Can a driver behavior learning platform prevent accidents?

Now your car can tell you how bad a driver you really are.

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How do your driving skills measure up? New technology for fleets can tell you, and it could be on its way to consumer vehicles soon.

A company called Nauto, a provider of fleet safety products, just announced what it claims is the first and only in-vehicle, real-time AI-powered driver behavior learning platform. The in-vehicle, bolt-on integration is able to actively predict, prevent, and decrease high-risk driving events by observing conditions outside the car and, crucially, analyzing how the driver is handling those conditions.

It works by tapping into a vehicle's onboard sensors to continuously analyze sensor data from driver behaviors, exterior hazards, and vehicle movement in real-time. That sensor data comes together and is compared by the AI software to benchmarks gathered from over 400 million AI-analyzed video miles. When something seems out of whack, or when a dangerous situation seems to be developing, often without the driver's awareness, the system prompts in-vehicle notifications. 

"We designed the Nauto Driver Behavior Learning Platform to be the most important part of a commercial fleet's driver safety program," said Shweta Shrivastava, vice president of products, Nauto. "We help commercial fleets protect its most critical assets — its drivers. By alerting drivers to danger before it's too late, or offering clear and actionable coaching in the moment, companies are quickly learning the power of Nauto's platform to reinvent fleet economics and keep drivers safe."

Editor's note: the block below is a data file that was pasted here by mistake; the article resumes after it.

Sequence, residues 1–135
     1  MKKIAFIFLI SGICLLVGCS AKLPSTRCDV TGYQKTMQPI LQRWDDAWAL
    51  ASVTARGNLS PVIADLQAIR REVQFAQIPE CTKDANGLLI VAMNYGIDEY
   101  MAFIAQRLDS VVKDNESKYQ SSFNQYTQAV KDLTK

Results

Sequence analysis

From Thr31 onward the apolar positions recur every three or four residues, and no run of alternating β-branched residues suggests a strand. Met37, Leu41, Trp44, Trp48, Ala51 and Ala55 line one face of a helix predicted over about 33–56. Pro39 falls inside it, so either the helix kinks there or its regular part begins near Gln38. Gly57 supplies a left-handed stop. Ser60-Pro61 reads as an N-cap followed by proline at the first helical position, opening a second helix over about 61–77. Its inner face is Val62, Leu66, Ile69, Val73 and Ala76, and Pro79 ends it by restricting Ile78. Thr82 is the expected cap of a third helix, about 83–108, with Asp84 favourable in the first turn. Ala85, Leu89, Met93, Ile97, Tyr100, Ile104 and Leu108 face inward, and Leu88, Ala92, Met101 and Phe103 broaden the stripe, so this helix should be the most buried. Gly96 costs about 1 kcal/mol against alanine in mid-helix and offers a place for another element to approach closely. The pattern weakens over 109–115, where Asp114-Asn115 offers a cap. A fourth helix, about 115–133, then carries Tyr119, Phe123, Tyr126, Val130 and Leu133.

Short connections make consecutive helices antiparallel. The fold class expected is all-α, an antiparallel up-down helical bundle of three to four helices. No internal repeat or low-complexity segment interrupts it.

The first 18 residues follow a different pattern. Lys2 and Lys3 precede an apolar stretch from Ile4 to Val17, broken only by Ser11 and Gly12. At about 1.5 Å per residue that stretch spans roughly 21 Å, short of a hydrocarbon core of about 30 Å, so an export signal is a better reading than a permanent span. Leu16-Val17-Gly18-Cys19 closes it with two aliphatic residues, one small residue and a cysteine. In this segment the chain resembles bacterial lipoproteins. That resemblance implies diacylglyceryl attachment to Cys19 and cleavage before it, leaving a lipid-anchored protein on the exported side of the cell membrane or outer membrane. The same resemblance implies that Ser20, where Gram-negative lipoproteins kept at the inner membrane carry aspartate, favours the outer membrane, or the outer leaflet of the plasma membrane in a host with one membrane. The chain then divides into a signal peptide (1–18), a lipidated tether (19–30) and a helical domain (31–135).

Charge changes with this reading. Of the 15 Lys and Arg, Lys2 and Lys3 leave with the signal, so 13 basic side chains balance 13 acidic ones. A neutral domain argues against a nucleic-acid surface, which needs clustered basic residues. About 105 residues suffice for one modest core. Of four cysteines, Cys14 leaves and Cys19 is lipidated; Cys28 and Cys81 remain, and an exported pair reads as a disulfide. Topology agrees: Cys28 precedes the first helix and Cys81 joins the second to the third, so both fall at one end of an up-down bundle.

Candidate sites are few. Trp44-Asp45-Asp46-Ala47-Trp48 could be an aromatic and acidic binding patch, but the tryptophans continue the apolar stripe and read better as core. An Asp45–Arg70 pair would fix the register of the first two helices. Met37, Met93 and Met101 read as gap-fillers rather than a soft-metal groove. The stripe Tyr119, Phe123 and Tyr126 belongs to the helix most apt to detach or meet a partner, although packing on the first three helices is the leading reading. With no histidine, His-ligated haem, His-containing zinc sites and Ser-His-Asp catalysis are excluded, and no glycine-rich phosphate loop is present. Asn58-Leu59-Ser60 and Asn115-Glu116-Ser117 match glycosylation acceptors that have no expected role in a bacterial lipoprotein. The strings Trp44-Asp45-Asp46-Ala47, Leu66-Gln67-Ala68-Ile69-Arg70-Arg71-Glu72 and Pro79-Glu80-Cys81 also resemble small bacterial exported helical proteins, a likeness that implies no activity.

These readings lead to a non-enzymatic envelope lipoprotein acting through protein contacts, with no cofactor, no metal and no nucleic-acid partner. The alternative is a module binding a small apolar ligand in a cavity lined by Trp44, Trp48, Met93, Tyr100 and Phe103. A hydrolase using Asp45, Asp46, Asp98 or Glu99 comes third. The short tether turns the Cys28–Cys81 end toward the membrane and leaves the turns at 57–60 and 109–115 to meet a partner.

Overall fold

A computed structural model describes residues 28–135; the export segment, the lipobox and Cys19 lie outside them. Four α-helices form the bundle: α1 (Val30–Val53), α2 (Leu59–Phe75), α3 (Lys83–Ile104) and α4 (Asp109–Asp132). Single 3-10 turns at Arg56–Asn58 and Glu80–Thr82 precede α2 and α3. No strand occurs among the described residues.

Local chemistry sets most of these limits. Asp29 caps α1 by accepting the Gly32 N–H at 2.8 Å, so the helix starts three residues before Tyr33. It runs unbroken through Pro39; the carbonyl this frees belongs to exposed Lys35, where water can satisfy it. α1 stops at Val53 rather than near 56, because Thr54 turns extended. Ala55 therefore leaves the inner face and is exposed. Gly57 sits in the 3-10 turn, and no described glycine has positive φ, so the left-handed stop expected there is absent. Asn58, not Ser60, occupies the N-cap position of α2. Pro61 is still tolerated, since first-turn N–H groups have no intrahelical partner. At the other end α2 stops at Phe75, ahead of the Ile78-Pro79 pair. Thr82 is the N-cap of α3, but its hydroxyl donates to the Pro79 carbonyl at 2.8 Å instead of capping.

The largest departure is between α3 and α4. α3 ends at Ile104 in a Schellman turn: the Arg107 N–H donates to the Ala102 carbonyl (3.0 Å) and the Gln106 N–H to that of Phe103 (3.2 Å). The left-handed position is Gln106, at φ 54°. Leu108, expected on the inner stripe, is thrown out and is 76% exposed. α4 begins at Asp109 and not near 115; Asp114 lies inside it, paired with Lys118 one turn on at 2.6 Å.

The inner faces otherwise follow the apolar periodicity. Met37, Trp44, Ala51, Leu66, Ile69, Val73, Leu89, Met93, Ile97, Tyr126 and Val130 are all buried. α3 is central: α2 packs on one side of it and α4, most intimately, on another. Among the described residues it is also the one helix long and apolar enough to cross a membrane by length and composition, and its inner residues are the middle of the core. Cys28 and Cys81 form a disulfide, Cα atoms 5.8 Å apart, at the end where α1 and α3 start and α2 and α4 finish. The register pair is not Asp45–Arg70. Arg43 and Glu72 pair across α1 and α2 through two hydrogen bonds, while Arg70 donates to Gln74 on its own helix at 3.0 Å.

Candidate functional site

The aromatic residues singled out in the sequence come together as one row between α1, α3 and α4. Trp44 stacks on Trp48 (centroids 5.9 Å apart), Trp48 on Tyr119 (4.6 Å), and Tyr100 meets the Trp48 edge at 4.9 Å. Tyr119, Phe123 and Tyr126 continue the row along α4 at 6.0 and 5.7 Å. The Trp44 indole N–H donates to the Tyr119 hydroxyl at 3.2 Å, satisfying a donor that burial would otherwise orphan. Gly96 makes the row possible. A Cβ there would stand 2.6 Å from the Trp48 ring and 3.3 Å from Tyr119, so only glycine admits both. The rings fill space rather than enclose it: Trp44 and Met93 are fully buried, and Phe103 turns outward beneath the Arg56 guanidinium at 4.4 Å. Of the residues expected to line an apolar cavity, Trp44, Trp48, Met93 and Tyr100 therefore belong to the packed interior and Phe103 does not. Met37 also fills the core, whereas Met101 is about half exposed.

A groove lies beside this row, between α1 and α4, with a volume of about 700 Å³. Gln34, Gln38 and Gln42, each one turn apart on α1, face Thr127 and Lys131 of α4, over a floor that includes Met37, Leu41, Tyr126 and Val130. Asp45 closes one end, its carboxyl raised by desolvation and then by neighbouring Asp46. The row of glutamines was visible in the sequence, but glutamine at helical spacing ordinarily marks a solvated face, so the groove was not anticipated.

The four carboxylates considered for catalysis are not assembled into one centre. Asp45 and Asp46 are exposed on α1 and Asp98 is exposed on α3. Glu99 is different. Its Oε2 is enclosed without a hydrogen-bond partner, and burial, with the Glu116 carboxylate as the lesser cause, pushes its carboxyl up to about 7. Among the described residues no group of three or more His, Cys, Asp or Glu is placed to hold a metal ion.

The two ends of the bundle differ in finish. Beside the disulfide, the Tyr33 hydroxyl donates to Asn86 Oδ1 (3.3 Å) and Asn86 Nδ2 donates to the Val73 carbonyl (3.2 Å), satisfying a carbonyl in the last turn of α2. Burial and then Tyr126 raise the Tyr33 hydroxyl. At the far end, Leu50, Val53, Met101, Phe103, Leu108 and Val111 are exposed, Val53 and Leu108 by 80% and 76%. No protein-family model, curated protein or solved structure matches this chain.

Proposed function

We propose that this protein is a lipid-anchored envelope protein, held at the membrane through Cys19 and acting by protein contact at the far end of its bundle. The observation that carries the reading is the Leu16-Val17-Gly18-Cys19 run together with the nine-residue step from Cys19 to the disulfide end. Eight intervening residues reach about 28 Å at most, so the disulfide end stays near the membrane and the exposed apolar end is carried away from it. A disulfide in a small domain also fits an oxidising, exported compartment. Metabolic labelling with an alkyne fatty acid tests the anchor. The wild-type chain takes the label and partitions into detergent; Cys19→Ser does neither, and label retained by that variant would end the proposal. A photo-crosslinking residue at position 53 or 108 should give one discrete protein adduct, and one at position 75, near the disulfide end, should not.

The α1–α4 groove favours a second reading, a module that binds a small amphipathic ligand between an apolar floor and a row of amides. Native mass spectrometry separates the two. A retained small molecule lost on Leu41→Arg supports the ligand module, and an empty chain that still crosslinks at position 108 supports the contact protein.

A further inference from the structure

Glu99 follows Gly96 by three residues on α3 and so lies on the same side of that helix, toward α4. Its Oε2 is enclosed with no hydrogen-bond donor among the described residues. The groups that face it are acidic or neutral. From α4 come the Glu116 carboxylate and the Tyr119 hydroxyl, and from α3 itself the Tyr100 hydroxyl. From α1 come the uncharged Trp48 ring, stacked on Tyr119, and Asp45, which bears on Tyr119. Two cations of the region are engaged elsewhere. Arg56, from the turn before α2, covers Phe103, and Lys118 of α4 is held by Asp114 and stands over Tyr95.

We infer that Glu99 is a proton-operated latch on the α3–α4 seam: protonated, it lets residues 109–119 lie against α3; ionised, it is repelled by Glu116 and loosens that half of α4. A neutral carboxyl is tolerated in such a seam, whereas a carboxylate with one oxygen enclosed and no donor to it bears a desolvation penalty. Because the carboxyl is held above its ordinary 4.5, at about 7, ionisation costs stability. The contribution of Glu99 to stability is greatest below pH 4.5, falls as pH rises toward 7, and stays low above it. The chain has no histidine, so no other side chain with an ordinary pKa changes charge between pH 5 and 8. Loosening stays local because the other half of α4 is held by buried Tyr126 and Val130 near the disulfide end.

It's estimated that about 90 percent of accidents are the result of human error. A system like Nauto's can help mitigate the risk the by reacting to and staying ahead of a driver's incompetence. 

Crucially, Nauto's system does all the computing onboard. That gives it a leg up over traditional telemetrics systems that send sensor data to the cloud for computing, a process that increases reaction times and introduces latency and connectivity issues. 

Nauto develops technology for fleets, not consumer vehicles, but it's a safe bet this kind of technology, which allows for on-demand coaching, instructive safety insights, and even claims management in the event of a collision, is coming to consumer vehicles soon. With fully autonomous cars still a decade or so out, insurance companies and auto manufacturers are rapidly developing stopgap technologies to make driving safer.

"With Nauto, I have changed my drivers' behavior for the better," said John Ufheil, Executive VP of Strategic Planning and Business Advancement and Co-owner of Daytona Beverage, which uses the AI driver behavior platform. "Nauto is the only solution that's both proactive and provides the context needed to provide real-time and effective coaching. It is by far the best AI safety platform I've seen on the market."